CISA: Patch Legacy SAP Vulnerabilities Urgently

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The US government is urging SAP owners to urgently patch and fix their application environments after a new report warned of mass exploitation.

The Cybersecurity and Infrastructure Security Agency (CISA) urged SAP businesses to prioritize reviewing the Onapsis report. It said affected customers could be exposed to data theft, financial fraud, ransomware and disruption of mission critical operations and processes.

Onapsis claimed to have discovered over 300 successful exploitation attempts in the course of its research alone, related to six known vulnerabilities and one critical configuration issue.

Although two of these bugs were from last year, one dated back to 2018, two were patched in 2016 and one was fixed all the way back in 2010.

The report also warned that attackers are quick to jump on newly discovered vulnerabilities, weaponizing exploits in less than 72 hours from the time patches are released and compromising new SAP apps in IaaS environments in under three hours.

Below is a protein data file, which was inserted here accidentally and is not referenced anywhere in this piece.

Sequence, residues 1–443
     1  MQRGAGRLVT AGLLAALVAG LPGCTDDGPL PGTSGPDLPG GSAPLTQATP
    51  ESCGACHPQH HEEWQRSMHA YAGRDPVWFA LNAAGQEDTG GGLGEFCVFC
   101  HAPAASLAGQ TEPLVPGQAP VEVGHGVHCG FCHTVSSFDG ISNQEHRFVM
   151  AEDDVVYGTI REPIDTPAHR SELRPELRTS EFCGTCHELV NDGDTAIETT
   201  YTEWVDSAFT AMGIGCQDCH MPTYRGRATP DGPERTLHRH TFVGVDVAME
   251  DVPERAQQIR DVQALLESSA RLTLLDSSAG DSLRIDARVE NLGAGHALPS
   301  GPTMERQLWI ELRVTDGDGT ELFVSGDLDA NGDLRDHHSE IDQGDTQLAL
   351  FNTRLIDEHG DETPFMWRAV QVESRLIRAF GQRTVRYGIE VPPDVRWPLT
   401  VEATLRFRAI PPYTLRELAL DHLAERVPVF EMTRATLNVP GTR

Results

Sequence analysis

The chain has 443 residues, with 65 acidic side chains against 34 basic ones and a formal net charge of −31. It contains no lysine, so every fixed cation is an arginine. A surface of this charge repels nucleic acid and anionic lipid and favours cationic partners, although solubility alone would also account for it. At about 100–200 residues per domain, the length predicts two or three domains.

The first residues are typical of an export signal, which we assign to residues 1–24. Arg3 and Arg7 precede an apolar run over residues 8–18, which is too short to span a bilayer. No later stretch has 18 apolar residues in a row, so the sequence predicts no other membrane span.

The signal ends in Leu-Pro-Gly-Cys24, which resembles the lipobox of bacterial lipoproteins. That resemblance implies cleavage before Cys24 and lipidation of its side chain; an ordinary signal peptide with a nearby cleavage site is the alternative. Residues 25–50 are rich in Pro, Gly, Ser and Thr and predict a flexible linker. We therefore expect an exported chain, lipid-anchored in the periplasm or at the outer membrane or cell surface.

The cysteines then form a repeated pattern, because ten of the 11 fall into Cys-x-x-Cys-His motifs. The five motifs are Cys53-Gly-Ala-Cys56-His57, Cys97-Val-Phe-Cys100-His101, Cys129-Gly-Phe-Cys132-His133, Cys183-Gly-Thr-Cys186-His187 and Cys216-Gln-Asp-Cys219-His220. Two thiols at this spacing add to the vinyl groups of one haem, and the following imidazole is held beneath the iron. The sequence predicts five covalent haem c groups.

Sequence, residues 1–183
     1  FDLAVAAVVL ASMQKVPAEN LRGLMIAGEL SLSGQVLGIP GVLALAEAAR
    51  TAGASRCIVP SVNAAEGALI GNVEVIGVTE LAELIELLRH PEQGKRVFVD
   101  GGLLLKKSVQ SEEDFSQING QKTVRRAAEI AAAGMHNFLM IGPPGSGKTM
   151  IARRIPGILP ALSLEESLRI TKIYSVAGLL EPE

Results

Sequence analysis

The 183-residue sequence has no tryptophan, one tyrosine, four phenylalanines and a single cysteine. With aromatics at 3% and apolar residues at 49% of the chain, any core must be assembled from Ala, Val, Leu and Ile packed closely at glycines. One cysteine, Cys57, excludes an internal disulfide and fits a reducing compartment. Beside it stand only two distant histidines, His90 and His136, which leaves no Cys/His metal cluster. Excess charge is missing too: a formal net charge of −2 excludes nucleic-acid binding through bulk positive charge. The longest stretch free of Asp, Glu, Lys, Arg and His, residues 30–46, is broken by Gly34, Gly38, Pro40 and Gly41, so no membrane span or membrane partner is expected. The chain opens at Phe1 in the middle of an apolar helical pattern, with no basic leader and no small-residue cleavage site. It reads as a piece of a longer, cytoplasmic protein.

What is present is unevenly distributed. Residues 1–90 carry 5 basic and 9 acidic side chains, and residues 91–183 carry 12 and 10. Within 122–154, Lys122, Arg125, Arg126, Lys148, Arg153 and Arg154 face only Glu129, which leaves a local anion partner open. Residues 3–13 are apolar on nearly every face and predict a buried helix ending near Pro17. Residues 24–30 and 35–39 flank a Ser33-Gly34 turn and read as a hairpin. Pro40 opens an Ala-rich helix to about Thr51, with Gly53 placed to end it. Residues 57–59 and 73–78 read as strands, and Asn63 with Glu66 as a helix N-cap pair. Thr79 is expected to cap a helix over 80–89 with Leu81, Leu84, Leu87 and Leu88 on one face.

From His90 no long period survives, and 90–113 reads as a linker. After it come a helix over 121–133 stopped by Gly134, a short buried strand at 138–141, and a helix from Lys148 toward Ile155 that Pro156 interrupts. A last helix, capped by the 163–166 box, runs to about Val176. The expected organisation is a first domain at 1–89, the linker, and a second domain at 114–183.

“The evidence clearly shows that cyber criminals are actively targeting and exploiting unprotected SAP applications with automated and sophisticated attacks. This research also validates that the threat actors have both the means and expertise to identify and exploit unprotected SAP systems and are highly motivated to do so,” the report noted.

“Onapsis researchers found reconnaissance, initial access, persistence, privilege escalation, evasion and command and control of SAP systems, including financial, human capital management and supply chain applications.”

Beyond vulnerability exploits, the researchers also discovered brute-forcing of high-privilege SAP user accounts, and attempts at chaining vulnerabilities to achieve privilege escalation for OS-level access, which could grant attackers access to wider corporate systems.

SAP is used by over 400,000 organizations worldwide, including 92% of the Forbes Global 2000, 18 of the world’s top 20 vaccine-makers, and over 1000 government, NATO and military entities.

"Despite patches being available for months and even years, attackers are still finding and exploiting unpatched SAP systems,” said Tenable research engineering manager, Scott Caveza.

“This serves as a reminder to administrators of sensitive data and applications that applying patches, mitigations, or workarounds are paramount to thwarting malicious actors looking to exploit well known vulnerabilities."

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